At the same time as the PCC is
going through the motions of representing public accountability reaching out to the readers of newspapers up and down the land and asking how the Complaints Commission can be made even better than it already is, with people getting their heads together about how best to do that, moves are afoot to try and reform libel law.
It strikes me that these things are connected. They both represent, in a way, the response that members of the public have when confronted with something they don't agree with written in the press. The first option - going to the PCC - is not the same as going to Ofcom or complaining to the BBC Trust, in that in some instances you can't make general complaints about the press unless you're directly involved in the story or are a relative of someone who is; the way in which complaints are handled is not the same either. The second, more nuclear, option, is suing for libel, which has its own costs, and own pitfalls.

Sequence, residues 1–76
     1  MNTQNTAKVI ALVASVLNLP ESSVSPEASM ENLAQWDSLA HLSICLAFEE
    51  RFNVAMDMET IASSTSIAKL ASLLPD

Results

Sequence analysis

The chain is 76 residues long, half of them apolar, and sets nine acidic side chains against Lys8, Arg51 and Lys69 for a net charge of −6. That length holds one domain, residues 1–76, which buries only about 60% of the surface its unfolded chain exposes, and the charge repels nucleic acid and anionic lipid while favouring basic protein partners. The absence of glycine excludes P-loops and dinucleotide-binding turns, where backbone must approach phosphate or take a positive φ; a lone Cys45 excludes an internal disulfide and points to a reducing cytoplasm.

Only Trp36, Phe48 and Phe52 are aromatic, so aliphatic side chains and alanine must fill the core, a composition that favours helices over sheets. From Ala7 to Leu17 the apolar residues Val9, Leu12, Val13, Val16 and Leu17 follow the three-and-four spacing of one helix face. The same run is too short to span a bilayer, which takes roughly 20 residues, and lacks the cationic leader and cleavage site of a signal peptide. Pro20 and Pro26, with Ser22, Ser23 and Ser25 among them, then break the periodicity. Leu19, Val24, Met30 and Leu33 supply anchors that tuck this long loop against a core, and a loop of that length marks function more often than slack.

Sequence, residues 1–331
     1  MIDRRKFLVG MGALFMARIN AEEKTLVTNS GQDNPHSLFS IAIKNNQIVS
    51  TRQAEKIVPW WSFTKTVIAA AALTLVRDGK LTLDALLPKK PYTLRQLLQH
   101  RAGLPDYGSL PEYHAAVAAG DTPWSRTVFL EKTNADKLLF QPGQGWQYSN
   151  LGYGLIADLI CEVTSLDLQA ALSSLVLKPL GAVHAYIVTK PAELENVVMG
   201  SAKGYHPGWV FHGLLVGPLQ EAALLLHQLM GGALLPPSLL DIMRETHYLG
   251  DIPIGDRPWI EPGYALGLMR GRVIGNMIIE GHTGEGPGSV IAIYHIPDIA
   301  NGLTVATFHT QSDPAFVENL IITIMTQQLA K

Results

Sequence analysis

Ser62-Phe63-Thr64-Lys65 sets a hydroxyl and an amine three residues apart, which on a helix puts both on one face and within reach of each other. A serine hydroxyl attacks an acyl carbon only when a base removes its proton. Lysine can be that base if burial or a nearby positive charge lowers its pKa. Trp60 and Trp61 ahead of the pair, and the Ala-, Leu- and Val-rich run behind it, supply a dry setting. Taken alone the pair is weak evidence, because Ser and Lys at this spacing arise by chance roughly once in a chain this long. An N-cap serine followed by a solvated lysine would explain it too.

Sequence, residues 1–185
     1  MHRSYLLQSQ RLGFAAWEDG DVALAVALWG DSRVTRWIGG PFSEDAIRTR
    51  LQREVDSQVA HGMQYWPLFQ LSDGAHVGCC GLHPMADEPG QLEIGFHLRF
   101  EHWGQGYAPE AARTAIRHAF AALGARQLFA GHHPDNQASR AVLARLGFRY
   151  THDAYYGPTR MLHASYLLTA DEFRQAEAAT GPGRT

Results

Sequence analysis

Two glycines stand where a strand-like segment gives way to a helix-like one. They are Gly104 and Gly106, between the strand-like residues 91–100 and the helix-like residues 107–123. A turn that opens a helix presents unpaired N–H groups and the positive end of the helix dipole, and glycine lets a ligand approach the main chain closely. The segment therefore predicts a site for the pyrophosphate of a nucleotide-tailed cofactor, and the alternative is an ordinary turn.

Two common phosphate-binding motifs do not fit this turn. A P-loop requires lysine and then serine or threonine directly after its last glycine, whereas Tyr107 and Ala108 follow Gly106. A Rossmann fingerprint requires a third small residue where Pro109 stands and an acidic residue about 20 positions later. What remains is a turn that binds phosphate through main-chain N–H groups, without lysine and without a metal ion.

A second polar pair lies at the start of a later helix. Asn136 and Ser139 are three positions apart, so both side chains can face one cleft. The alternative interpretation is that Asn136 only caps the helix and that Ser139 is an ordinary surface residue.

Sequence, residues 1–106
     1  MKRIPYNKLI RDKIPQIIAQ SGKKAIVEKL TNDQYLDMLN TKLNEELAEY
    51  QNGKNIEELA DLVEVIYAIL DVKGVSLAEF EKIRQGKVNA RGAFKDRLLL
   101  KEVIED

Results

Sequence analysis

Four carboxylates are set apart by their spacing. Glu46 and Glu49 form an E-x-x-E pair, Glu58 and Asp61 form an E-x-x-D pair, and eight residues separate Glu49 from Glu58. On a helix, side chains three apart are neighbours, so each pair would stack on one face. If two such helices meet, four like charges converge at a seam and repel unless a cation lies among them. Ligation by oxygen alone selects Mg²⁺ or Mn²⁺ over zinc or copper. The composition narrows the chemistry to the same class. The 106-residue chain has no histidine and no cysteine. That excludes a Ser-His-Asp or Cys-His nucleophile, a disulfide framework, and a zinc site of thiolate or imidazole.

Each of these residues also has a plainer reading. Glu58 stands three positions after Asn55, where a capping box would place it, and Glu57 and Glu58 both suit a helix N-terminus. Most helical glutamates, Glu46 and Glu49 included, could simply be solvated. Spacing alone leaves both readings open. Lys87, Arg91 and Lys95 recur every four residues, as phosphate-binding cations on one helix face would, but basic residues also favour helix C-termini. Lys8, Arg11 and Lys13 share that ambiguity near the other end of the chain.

At the moment, it's incredibly difficult for an ordinary member of the public who is appalled by what has been written about them to get anything other than a tiny retraction on page 94, unsatisfying even if the PCC rules in their favour, and often impossible for people not directly involved with a story to complain about factual inaccuracies or misleading rubbish. Meanwhile, it's disproportionately easy for massive corporations ruining people's lives to stop a single line of truthful and accurate reporting from getting out, if they use the libel laws to their advantage.
This situation seems deeply inadequate.
*update* A working group is to be set up by the Government following the publication of a forthcoming report by the Culture, Media & Sport select committee. I don't know whether this will address the issues raised by possible PCC reform or not but it might at least give an opportunity for something to be done.